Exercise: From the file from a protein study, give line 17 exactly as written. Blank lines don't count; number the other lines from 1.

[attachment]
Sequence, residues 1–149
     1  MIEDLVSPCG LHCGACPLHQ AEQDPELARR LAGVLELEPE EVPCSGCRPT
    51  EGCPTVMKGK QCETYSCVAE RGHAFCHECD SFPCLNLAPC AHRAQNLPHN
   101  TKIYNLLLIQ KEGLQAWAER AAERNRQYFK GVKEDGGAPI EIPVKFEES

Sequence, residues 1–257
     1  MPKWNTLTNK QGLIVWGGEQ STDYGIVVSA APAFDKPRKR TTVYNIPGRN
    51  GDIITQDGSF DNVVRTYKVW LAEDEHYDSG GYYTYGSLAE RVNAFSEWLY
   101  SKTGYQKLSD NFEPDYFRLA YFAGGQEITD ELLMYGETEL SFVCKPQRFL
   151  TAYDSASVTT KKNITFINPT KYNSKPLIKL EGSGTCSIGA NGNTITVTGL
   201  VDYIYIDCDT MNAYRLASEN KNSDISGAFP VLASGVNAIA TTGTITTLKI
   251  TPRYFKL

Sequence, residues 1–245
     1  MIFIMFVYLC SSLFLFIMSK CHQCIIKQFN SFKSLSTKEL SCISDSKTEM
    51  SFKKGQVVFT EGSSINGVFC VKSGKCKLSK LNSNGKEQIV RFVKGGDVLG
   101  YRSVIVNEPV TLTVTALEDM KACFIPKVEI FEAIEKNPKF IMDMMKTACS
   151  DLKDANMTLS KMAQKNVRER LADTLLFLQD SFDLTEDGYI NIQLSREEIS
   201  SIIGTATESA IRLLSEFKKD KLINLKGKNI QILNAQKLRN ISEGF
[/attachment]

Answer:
   201  SIIGTATESA IRLLSEFKKD KLINLKGKNI QILNAQKLRN ISEGF